With that backdrop, he could no longer sustain the $30 million-$40 million in annual losses at the Times. Cue wailing and gnashing, especially among young people who don’t want old people lecturing them about surviving layoffs from their dream job. Speaking of not adapting to reality, is there any more useless play to the Olds than Jon Stewart’s return to The Daily Show, as a Monday-night host through the election and as executive producer through 2025? Beleaguered liberals navigating 2024’s electoral terrors may be excited, if they still get Comedy Central on their cable package. But that’s a shrinking audience getting smaller by the moment. And look at how things went with Stewart’s last gig, The Problem with Jon Stewart at Apple TV Plus. As The Atlantic pithily put it: “The problems with The Problem With Jon Stewart were legion, but the two fatal ones were that it wasn't funny and no one watched it.” Ouch. Here’s betting Stewart gets even fewer viewers on The Daily Show this time around.
FRANKEL: Real quick, while we’re on the subject of journalism, Poynter did a nice 20-year retrospective on filmmaker Billy Ray's underrated Shattered Glass, which starred Hayden Christensen as New Republic fabulist Stephen Glass and Peter Sarsgaard as Chuck Lane, the editor who finally had him fired. Chloë Sevigny, Rosario Dawson, Hank Azaria and Steve Zahn round out a solid supporting cast. You can stream it free on Tubi, Amazon Freevee and the Roku Channel right now. Here's a clip:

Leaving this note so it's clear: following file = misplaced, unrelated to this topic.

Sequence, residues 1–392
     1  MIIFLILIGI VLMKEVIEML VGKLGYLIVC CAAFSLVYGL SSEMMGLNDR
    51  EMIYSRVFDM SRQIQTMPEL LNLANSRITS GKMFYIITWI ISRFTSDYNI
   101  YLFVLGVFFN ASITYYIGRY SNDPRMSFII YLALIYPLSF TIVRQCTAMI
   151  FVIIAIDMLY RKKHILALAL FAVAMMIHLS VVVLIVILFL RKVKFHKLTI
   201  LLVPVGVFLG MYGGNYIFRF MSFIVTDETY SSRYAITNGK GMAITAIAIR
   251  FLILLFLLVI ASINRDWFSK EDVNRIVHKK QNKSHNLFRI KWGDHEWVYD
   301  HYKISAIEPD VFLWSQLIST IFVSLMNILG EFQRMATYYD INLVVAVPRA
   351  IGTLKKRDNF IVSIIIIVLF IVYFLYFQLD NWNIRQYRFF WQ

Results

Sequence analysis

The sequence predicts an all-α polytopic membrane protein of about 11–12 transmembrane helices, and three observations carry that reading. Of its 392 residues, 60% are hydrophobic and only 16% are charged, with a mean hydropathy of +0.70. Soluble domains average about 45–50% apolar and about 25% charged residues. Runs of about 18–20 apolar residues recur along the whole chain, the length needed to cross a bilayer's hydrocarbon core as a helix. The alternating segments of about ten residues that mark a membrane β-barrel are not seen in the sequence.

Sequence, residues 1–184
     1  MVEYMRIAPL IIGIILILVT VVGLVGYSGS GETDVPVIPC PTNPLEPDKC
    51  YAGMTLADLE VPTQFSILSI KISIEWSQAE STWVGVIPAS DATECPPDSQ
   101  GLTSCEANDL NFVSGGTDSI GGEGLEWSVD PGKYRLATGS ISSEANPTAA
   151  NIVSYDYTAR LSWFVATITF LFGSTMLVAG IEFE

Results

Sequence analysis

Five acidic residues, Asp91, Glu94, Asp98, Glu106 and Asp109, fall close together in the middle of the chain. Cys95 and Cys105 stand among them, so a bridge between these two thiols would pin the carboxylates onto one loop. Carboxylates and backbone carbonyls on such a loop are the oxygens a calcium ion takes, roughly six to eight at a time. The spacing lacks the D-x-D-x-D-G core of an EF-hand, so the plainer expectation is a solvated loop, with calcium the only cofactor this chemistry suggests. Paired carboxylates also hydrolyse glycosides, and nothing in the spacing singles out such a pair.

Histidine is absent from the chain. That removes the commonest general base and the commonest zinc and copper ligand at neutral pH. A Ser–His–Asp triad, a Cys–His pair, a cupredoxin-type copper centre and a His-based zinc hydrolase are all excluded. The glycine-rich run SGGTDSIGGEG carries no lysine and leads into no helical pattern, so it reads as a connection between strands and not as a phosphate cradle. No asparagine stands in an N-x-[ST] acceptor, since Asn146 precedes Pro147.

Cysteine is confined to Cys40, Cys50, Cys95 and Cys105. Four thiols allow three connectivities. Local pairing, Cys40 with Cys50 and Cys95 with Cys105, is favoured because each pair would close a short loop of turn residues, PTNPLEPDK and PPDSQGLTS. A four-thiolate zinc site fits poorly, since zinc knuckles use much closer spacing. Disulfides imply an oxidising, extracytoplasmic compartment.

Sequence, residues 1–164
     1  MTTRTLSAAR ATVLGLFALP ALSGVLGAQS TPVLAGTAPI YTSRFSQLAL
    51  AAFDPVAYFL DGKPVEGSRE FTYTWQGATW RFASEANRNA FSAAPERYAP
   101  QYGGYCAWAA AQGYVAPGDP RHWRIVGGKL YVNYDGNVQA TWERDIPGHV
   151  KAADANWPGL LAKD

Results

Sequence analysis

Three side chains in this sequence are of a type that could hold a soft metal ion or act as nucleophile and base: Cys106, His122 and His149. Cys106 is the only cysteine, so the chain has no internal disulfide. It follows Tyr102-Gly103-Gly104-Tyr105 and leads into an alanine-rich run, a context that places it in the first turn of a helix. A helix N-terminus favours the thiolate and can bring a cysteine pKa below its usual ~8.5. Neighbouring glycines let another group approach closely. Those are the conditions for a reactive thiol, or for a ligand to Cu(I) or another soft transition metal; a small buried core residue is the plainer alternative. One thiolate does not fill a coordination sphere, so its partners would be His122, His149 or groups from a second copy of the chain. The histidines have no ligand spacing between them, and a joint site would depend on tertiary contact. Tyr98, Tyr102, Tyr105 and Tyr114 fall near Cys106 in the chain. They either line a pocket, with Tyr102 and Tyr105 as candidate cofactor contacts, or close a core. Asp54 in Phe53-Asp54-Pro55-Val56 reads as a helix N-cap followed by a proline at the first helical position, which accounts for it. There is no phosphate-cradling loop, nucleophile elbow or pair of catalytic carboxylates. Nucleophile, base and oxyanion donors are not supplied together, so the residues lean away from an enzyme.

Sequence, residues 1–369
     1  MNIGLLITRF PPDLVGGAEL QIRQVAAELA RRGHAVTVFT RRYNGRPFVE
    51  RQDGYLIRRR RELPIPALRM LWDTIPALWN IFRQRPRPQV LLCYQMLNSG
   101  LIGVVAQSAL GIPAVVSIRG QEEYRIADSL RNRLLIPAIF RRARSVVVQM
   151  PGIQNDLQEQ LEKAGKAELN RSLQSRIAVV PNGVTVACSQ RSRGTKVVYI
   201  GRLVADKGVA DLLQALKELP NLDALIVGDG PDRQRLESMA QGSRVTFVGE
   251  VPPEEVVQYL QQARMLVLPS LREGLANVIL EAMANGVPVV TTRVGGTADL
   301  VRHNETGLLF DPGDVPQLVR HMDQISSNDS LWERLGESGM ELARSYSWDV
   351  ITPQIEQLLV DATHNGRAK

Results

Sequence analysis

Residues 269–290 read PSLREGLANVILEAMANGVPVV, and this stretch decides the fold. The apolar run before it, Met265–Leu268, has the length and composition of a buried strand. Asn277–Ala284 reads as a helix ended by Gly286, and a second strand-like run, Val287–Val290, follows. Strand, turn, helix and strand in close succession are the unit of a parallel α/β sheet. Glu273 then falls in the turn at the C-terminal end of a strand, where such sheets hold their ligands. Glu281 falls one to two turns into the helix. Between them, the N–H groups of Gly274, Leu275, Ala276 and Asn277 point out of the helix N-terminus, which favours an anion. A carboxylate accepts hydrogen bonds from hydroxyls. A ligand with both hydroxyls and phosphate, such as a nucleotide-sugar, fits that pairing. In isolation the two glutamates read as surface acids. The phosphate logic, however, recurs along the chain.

Glass went on to live a very different, somewhat tragic life, as detailed in this AirMail piece from late 2021. I encourage anyone who hasn't seen the film or read the articles to indulge. As for Stewart, Showtime and MTV Entertainment didn't say it in their press release, but the general consensus I got from reading everyone else is that Stewart is going to get ample platform on Paramount Plus. Seems to fit Bakish’s strategy — make the whole kit and kaboodle available on SVOD, but appease pay TV operators by letting them bundle the streaming service. Referring again to our discussion last week, I'm personally happy more messaging ”tonnage“ is coming from the left. But yeah, I’m with you — I don’t know that that Daily Show moment -- primetime levity pointed at the absurdity of the Iraq War — is repeatable. Stewart, 61, was younger. We were all younger. And as Apple TV Plus’s The Problem showed, neither he or us feel much like laughing these days, not when a bunch of feckless, gun-toting clowns, who never studied the impact of the Civil War, clamor … for civil war. Plus you've got Jimmy Kimmel, Steven Colbert and Seth Meyers doing similar schtick. Then again, some of those viral moments on The Problem, when Stewart eviscerated Second Amendment lobbyist early last year for example, could serve as a heck of a branding asset for Paramount Plus in an election year.
Oh, I was going to ask because you’re a great person to ask this — what do you make of Scott Stuber leaving Netflix? His “ankling” was announced just an hour or so after news broke that Netflix was paying $17 million for another Sundance film.